Current environmental and public health regulations are largely based on a theoretical calculation of risk associated with human exposure to chemicals in air emissions, water discharges, soil contamination and consumer products.
That is, risks of exposures are based on the concentrations of chemicals in the environment, rather than actually in our bodies. Biomonitoring offers the opportunity to analyze the relationship between chemicals in the
environment and actual bodily uptake.
Most regulations rely heavily on animal research to estimate potential human health effects. Such studies typically involve exposing rats and mice to chemicals at constant levels every day (often for a lifetime and at
concentrations that are substantially above real-world exposures). But the relationship between the level of exposure to a chemical and the amount that ends up in fluids and tissues is complex; to extrapolate from animals to humans is even more so. As noted by Michael Kamrin, a professor emeritus of toxicology at Michigan State University, “[U]nless adequate toxicokinetics* data are available, it is very difficult to compare the dietary levels used in laboratory experiments to fluid and/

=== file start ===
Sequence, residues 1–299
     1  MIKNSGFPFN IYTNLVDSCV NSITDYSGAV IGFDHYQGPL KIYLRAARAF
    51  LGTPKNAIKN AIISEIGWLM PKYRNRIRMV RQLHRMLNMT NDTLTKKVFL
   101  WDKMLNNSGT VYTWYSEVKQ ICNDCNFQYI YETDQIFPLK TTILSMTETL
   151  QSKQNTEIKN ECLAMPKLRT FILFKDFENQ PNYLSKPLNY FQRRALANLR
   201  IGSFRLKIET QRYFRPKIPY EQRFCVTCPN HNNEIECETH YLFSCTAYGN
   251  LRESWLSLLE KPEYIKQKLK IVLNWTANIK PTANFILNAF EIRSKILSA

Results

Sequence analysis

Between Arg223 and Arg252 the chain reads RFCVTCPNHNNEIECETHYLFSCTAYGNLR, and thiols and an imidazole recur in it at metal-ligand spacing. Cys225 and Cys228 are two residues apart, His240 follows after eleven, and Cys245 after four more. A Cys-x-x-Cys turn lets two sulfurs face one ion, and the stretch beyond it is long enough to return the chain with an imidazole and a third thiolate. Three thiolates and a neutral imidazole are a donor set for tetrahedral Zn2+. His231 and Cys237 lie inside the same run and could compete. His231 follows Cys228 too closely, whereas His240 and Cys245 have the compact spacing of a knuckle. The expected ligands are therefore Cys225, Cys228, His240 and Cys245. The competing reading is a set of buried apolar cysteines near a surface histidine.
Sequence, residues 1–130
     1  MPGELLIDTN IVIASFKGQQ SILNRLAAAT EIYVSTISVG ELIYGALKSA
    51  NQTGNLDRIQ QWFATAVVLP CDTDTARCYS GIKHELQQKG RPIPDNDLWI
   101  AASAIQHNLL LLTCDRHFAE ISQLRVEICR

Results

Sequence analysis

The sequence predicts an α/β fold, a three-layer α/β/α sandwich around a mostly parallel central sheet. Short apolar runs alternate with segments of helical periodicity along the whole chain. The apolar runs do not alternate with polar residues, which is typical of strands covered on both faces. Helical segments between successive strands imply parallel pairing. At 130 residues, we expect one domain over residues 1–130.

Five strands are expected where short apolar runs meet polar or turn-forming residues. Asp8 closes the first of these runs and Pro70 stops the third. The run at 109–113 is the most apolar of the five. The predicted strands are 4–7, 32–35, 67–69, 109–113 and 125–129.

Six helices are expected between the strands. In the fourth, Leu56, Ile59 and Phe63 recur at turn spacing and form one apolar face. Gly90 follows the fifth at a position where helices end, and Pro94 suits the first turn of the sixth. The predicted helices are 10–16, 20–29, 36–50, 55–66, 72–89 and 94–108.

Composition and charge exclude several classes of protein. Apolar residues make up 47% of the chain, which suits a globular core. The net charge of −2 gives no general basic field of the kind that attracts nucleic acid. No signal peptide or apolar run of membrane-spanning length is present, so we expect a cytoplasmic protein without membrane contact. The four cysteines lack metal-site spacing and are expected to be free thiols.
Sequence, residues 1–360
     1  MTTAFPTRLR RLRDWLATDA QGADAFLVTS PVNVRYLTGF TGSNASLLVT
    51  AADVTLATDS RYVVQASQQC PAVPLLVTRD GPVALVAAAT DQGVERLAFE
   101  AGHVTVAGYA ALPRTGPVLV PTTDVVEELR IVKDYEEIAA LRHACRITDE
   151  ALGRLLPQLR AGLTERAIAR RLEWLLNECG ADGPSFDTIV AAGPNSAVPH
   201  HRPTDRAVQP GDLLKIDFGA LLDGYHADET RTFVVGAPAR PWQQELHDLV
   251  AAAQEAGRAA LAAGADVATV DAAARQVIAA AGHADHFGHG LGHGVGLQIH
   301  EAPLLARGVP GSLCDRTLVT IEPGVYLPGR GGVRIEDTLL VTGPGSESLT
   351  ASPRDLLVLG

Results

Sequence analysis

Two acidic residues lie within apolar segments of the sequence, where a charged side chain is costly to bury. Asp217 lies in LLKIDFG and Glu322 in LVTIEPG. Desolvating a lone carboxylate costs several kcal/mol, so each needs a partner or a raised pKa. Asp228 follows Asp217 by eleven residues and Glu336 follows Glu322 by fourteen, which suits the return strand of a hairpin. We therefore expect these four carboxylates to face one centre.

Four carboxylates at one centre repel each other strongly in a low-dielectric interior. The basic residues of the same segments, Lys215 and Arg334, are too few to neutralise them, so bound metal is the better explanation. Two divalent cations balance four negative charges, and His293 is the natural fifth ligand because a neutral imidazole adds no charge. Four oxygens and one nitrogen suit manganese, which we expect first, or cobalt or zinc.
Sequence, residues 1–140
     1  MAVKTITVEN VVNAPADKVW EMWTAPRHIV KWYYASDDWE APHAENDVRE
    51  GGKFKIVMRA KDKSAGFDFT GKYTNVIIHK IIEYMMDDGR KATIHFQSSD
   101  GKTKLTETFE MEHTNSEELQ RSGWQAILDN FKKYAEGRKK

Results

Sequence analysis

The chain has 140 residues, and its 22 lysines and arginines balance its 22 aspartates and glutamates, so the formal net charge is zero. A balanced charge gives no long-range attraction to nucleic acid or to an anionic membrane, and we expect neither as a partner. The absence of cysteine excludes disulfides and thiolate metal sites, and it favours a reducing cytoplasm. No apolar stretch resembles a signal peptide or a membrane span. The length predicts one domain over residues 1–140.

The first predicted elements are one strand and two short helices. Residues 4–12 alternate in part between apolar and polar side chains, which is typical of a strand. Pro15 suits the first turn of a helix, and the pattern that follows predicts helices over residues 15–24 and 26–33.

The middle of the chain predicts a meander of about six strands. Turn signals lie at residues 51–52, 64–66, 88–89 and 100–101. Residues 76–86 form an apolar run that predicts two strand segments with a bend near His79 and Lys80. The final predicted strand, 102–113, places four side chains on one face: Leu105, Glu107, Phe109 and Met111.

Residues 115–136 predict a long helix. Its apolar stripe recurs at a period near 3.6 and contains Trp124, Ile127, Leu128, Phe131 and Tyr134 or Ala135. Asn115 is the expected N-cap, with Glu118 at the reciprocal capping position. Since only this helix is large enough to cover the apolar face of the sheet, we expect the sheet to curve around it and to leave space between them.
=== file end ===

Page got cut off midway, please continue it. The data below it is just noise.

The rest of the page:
or tissue levels measured in biomonitoring studies.”
Thus, toxicologists are taking steps to better understand how chemical exposures equate to blood or tissue concentrations, which will help to make biomonitoring data more meaningful.
Biomonitoring involves measuring actual levels of exposure within the body, which can help to make risk assessments far more accurate. In the case of phthalates,† for example, the CDC’s biomonitoring is helping researchers differentiate among the various sources of
exposure and determine how environmental exposures translate into actual body concentrations. As noted by Dr. James Pirkle, deputy director for science at the CDC’s National Center for Environmental Health: “[I]t has helped us clarify some understanding about the relative exposure that are, say, in cosmetics and personal care products compared to, say, phthalates that are in soft vinyl
plastic products like in toys or in vinyl tubing or things like this. … [T]here is much greater detail … separating out those different kinds of sources and how those sources relate to different levels in people.”
* Toxicokinetics is the study of the relationship between exposure to a chemical compound and the compound’s toxicity. Toxicokinetics data are not available for many chemical compounds.
† Phthalates are a family of chemical substances with a variety of applications, but they are commonly used to make vinyl soft and flexible.